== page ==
Auto-brewery syndrome

Microbes can produce so much alcohol that people become drunk—and sustain liver damage—without touching any booze.

by Ed Yong

The man’s troubles began in 2004, when, having moved from China to attend college in Australia, he got really drunk. That would hardly have been a noteworthy event, except that the man hadn’t consumed any alcohol—only fruit juice.

The bizarre incident soon turned into a pattern. About once a month, and out of the blue, he’d become severely inebriated without drinking any alcohol. Over time, the episodes became more severe and more frequent. He lost jobs because people suspected him of being a closet drinker. He was frequently hospitalized. In 2011, he returned to China and his mother cared for him while monitoring him with a Breathalyzer. His blood-alcohol levels, she found, would erratically and inexplicably soar to 10 times the legal limit for driving.

In June 2014, at the age of 27, he was admitted to the intensive-care unit of Chinese PLA General Hospital, in Beijing. At one point, so much alcohol was on his breath that he couldn’t sleep through the night. Another time, he threw up and blacked out after chugging some soda water. A CT scan showed that his liver was damaged, inflamed, and riddled with fatty deposits.

The man was diagnosed with a rare condition aptly known as auto-brewery syndrome, in which microbes in a person’s gut ferment carbohydrates into excessive amounts of alcohol. The earliest cases were documented in Japan in the 1950s, and a few dozen more have been reported since, in people all over the world, and even in children as young as 3. The microbial culprits are usually yeasts—the same fungi used to brew beer and wine—and the condition can often be treated with antifungal drugs.

But those drugs didn’t work on the Chinese patient. Baffled, a team of doctors, led by Jing Yuan from the Capital Institute of Pediatrics, analyzed the man’s stool samples and found that the alcohol in his body was being produced not by yeast, but by bacteria. During his first episode in the hospital, Klebsiella bacteria had bloomed so vigorously that it made up 19 percent of the microbes in his gut, and became 900 times more common than in healthy people.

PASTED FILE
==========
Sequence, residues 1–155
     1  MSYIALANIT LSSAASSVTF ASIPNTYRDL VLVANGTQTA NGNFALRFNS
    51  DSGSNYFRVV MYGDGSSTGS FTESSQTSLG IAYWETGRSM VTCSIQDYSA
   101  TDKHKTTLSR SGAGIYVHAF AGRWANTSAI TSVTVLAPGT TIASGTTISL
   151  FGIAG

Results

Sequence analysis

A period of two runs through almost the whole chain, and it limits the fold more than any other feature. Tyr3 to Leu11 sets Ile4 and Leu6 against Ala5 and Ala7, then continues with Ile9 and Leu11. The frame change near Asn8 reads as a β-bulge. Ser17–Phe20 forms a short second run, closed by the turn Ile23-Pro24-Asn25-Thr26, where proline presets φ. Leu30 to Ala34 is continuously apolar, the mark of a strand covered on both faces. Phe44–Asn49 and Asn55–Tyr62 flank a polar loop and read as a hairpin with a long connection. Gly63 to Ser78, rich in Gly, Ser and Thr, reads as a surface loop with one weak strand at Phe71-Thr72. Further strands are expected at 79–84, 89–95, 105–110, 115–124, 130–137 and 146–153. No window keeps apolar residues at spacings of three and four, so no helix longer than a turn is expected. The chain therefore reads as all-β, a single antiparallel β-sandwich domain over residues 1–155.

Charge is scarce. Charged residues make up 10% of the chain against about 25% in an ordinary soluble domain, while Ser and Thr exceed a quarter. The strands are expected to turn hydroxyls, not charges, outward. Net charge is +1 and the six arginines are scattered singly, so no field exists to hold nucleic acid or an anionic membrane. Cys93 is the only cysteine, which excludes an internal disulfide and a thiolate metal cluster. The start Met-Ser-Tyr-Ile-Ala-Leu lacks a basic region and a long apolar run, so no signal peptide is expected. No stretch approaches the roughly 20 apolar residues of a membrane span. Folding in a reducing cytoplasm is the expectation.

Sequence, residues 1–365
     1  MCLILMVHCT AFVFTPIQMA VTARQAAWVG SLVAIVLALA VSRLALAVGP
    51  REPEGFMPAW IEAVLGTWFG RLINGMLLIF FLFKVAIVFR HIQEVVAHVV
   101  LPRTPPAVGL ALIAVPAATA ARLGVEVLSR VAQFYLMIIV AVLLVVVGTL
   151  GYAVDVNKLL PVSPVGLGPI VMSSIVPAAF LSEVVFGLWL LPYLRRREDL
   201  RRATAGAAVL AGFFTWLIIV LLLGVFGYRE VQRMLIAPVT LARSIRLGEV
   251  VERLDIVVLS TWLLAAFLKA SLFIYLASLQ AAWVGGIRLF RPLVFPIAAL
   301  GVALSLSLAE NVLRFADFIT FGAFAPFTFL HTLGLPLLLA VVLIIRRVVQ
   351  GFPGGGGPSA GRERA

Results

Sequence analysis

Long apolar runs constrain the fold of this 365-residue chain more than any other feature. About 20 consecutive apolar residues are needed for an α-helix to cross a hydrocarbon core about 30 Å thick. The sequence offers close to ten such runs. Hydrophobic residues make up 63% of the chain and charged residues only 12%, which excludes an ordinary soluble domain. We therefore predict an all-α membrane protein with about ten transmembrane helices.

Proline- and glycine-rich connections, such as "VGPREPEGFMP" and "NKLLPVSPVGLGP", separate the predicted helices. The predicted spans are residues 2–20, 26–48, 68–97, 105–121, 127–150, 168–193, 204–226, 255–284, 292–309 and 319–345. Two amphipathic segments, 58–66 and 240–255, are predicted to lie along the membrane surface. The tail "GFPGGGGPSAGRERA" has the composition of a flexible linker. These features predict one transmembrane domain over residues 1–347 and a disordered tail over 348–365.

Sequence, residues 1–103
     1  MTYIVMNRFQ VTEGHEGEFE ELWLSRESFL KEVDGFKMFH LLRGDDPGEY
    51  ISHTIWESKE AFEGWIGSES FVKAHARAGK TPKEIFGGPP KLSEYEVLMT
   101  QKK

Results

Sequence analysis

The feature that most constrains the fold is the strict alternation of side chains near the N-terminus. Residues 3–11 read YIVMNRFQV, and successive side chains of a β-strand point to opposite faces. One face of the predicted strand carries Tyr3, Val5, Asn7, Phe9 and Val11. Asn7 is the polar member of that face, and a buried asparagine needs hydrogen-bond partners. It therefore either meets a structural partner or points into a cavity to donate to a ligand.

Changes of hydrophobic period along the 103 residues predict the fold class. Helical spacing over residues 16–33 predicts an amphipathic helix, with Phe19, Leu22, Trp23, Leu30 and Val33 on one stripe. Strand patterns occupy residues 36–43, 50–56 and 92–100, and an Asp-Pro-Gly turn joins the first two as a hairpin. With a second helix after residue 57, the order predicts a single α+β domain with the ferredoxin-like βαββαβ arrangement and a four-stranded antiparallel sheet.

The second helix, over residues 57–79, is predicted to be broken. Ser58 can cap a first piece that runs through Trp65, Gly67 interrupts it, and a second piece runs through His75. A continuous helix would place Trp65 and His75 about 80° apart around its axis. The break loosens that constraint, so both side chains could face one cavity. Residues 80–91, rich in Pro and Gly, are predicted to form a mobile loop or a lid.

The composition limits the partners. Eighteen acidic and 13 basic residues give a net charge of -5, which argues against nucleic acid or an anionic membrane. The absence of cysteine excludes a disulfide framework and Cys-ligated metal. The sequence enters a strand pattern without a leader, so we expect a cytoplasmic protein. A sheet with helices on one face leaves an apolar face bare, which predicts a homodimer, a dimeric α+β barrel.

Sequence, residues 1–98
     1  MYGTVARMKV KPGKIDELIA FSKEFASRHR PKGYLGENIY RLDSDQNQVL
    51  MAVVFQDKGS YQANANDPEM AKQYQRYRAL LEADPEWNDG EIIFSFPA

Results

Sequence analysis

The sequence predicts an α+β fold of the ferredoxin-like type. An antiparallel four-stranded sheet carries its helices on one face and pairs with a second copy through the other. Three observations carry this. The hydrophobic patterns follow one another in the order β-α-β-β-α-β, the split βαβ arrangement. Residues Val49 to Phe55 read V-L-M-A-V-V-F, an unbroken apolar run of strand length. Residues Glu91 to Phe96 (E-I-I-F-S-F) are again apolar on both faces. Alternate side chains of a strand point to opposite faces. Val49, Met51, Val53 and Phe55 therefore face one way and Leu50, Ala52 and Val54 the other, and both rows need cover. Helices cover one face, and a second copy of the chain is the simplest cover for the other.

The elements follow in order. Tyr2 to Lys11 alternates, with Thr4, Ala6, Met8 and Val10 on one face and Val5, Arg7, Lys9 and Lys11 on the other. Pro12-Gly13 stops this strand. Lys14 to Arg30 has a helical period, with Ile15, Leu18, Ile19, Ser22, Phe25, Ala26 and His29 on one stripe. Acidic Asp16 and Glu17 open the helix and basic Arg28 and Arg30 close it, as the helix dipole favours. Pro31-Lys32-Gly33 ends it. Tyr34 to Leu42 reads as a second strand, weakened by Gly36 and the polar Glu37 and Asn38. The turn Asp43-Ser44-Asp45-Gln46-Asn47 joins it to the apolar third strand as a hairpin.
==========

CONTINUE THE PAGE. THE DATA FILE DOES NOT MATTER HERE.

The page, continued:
Klebsiella pneumoniae is extremely common in both soils and human bodies. Though usually harmless, it’s also an opportunistic pathogen that can cause severe infections if given the chance. And while Klebsiella is not known for intoxicating its hosts, Yuan’s team found that the patient had two particular strains that can churn out alcohol. Many gut microbes do this, but at such low levels that their boozy by-products are easily removed by the liver. The Klebsiella strains in Yuan’s patient were exceptions: At one point, they produced so much of the stuff that it was as if the man had knocked back 15 shots of whiskey. “We were surprised that bacteria can produce so much alcohol,” Yuan says.

Auto-brewery syndrome is extreme, but it has similarities to other, milder and more prevalent conditions. For example, people with nonalcoholic fatty liver disease (NAFLD) build up fatty deposits in their liver in the style of heavy drinkers, despite touching little or no alcohol. This condition is very common, affecting 30 to 40 percent of American adults; the causes are still unclear and likely varied. Yuan wondered if Klebsiella might be involved, and when she analyzed 43 Chinese people with NAFLD, she found that 61 percent had the same high-alcohol strains as the man with auto-brewery syndrome. By contrast, just 6 percent of people with a healthy liver carry those strains.

To see if those strains were actually causing fatty livers, the team fed them to mice that had been raised in sterile conditions and lacked microbes of their own. Within two months, the rodents had signs of liver disease, inflammation, and scarring, comparable to mice that had been drinking alcohol itself. The same thing happened if the team transplanted the stool from an NAFLD patient into germ-free mice, but not if they first removed the alcohol-making Klebsiella using a virus—a phage—that specifically kills those strains. Although studies in mice should be treated with caution, Yuan nonetheless suggests that these strains could be an important cause of NAFLD, through the alcohol they produce.

Other researchers have suggested this before. In 2000, Anna Mae Diehl from Johns Hopkins University noticed that obese mice often have alcohol on their breath, which goes away after antibiotic treatment. “Intestinal production of ethanol may contribute to the genesis of obesity-related fatty liver,” she speculated. Two groups later showed that alcohol-producing microbes are more common in the guts of people with NAFLD than in those of their healthy peers.

While Yuan’s team pointed their fingers at Klebsiella, “it was found in only 60 percent of the human subjects they studied with NAFLD,” says Susan Baker at the State University of New York at Buffalo. “Others have identified other likely bacteria as possible culprits.” She cautions against focusing on any specific microbe, and instead considering the entire ecosystem of the body—bacteria, yeasts, viruses, gut cells, immune cells, liver, and all.

Yuan agrees. She notes that NAFLD is a complex and varied condition, and that even if Klebsiella does turn out to be a cause, it would be one of many. It also raises several questions: Why do some strains produce so much alcohol? Where do they come from? What makes them bloom so vigorously in people such as the unfortunate Chinese man who launched this study—genetics, diet, or something else? And perhaps most important, what can be done about them?